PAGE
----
A hobbyist Mobile/PC/Android/Console game development blog
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Here is my analysis about the unfortunate turn of events of the Retro VGS/Coleco Chameleon
Here are my thoughts, not about what happened with the fake prototypes etc but about the hardware and game cartridges.
My background: I was excited about the Ouya when it was kickstarted, but decided to wait for the retail units, I’ve glad I did because the hardware was disappointing, I eventually got a Madcatz Mojo and was excited about it, now the ShieldTV is taking the glory from the hard work of former microconsoles.
I am also an original Net Yaroze Member since 1998.
I’m not some much a game player these days, instead I enjoy the craft of good gamedev, and I don’t mean AAA, stunning graphics.
The Retro League Podcast EP:328 @9:55 has a good and logical explanation about it.
Basically, it’s a canceled cartridge based game console which used the Coleco brand name.
The hardware was to use FPGA) which allowed games programmed for any retro gaming hardware ie (Coleco, NES, SNES, atari 2600, etc) to run via HDL, this is explained well in their RetroVGS FAQ:
“If a developer wants to make a Neo Geo game, they would include an HDL (Hardware Description Language) file that configures the FPGA to operate like a Neo Geo.
The developer would code their game to run against the Neo Geo platform.
This HDL code along with the actual Neo Geo game will be on the cartridge.
Once that cartridge is placed in the RETRO VGS, it will become a Neo Geo and play that game.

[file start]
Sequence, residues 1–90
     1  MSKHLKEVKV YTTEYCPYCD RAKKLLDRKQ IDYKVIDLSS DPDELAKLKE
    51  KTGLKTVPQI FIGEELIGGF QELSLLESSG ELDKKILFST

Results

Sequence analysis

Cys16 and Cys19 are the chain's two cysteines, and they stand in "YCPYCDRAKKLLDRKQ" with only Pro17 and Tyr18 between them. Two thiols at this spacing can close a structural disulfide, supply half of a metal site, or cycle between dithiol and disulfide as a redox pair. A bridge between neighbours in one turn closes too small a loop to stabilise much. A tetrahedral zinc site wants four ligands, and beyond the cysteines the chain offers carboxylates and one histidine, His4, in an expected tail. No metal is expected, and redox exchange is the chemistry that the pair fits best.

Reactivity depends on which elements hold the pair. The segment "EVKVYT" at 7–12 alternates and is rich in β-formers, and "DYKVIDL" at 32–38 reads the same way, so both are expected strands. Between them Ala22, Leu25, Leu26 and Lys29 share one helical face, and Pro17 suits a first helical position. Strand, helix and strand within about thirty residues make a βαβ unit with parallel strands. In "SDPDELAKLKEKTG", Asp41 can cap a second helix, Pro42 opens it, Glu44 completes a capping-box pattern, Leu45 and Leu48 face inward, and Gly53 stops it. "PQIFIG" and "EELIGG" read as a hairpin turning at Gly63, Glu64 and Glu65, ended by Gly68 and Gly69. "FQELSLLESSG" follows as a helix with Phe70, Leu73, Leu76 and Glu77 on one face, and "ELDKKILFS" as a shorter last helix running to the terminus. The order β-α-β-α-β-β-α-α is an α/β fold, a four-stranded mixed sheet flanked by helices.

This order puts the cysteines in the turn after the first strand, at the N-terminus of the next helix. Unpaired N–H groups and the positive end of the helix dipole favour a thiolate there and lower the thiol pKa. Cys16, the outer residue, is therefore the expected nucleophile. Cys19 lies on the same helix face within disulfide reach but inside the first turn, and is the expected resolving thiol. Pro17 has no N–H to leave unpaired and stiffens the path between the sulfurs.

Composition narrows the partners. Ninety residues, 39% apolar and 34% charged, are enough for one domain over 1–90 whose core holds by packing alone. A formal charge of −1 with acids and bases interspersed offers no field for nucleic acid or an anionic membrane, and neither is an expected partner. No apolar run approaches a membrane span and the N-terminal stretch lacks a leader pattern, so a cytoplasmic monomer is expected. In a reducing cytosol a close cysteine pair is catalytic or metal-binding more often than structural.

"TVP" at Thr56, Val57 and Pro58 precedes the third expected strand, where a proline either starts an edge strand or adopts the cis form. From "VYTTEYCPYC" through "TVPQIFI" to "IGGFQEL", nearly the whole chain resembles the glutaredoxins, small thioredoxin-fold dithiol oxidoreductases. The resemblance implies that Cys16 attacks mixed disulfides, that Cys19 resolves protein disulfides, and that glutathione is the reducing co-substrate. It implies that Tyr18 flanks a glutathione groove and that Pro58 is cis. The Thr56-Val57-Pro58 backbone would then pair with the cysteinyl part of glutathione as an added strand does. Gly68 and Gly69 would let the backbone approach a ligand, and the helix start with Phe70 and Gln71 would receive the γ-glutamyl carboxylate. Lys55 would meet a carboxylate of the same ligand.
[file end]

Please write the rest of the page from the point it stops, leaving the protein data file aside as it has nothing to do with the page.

So in this case, the language is: 68000 and Z80 code.
If you wanted to do a new Atari 2600 styled game, you’d include a 2600 HDL file that configures the FPGA to replicate the logic of the original 2600 hardware and then you’d include your new 2600 game on that cartridge too.
These two files are then paired up on the cartridge and when plugged into the RETRO VGS, will turn the console into a 2600.
So the language that would be used in this case is: 6507 (6502 with less address space). “
They didn’t mention old 8bit micros (Commodore 64, ZX Spectrum, Apple II), nor PC-DOS, Linux, OpenGL, DirectX, PS-X, N64, etc but I imagine it would have worked as all these systems are well emulated and reverse engineered.
So, basically game developers didn’t have to make much effort to convert their existing game (and working on original hardware (NES, SNES,etc)) to the Coleco Chameleon/RetroVGS.
Not only is the hardware ‘configurable’ it also has an ARM chip, if it’s a System On a Chip (SoC) chip it opens up even more possibilities.
“Oh and we’ll have a nice little ARM chip for some more fun stuff.”